Saturday proved a bit forbidding, with violent thunderstorms in the forecast that were to peak mid-afternoon. But the storms missed us, and it was a rather pleasant afternoon at the Snag A Job Pavilion in Glen Allen for the Central Virginia Wine Festival, an event put on by the Richmond Virginia Tech Alumni Association, a fundraiser for scholarships for Richmond-area students attending Tech. Fabulous cause with fabulous people running it. And the volunteers! We had teams assigned to us to help pour (they were in a word (and we’ll say it again) fabulous — such enthusiasm, such grace and good cheer! And of course they loved the wine (how could they not?), and purchased several bottles on top of the wine we gave them as a thank you gift for helping. The festival staff helped us unload, and when it was over they loaded us up to go (we were among the first out of there) — we felt like Princes.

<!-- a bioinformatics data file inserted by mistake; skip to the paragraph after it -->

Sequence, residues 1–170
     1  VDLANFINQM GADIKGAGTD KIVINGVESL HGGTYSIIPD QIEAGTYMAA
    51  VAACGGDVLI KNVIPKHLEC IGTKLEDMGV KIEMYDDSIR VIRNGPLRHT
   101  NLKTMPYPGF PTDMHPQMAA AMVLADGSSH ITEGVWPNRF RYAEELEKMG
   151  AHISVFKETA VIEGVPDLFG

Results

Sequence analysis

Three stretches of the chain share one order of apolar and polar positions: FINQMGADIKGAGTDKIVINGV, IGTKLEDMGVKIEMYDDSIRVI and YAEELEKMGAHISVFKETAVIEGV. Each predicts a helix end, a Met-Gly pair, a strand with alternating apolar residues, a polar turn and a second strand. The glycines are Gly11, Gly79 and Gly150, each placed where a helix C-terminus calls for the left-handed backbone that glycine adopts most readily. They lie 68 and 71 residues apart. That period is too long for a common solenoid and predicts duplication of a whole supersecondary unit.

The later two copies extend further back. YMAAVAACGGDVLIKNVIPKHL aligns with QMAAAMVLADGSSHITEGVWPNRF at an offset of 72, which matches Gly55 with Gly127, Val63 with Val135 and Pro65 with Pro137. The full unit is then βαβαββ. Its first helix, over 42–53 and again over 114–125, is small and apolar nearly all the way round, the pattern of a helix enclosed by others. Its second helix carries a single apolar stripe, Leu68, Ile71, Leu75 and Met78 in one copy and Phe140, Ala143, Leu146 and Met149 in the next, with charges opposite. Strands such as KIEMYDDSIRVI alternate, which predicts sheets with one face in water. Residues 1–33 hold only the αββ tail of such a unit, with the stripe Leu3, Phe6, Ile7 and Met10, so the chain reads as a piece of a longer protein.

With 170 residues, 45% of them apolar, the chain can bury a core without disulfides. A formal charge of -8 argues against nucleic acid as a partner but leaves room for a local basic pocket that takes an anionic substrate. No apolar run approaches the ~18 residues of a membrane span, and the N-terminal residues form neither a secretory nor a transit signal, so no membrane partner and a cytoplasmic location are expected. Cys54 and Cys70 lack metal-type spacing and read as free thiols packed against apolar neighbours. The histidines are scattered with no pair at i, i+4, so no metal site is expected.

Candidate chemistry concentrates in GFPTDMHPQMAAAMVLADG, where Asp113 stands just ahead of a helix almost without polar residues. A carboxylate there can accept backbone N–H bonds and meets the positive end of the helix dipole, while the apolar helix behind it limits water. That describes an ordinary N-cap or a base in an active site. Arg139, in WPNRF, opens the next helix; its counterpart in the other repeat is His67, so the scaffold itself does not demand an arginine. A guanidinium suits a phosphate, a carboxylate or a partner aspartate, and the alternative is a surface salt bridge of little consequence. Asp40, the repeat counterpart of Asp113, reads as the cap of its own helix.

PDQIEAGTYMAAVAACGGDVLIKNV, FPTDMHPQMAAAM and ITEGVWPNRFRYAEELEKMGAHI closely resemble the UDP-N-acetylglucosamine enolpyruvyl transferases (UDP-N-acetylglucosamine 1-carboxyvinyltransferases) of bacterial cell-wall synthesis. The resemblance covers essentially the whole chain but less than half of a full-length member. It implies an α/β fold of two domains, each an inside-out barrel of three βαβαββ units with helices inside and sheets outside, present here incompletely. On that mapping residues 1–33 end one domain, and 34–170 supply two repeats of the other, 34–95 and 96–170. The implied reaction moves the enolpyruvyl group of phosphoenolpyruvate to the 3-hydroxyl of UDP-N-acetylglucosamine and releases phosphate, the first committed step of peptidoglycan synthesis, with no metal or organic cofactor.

Just before our sprayer mis-adventure on Friday, however, we looked down and spotted our first cicadas on the fence post at the gate to the vineyard. We are due to have a massive invasion of the periodic cicada this year, an event we look forward to with curiosity and dread. We didn’t see them in Richmond on Saturday, or up north in McLean on Sunday, but they are all over Annefield. When packing up to depart the next day for the festival we spotted dozens of them in the grass and crawling up the side of the house, many of them just emerging from their exoskeletons. Many that we saw had just emerged, with their crazy orange eyes, waiting for their shells to harden, milky white and vulnerable. They haven’t started singing yet.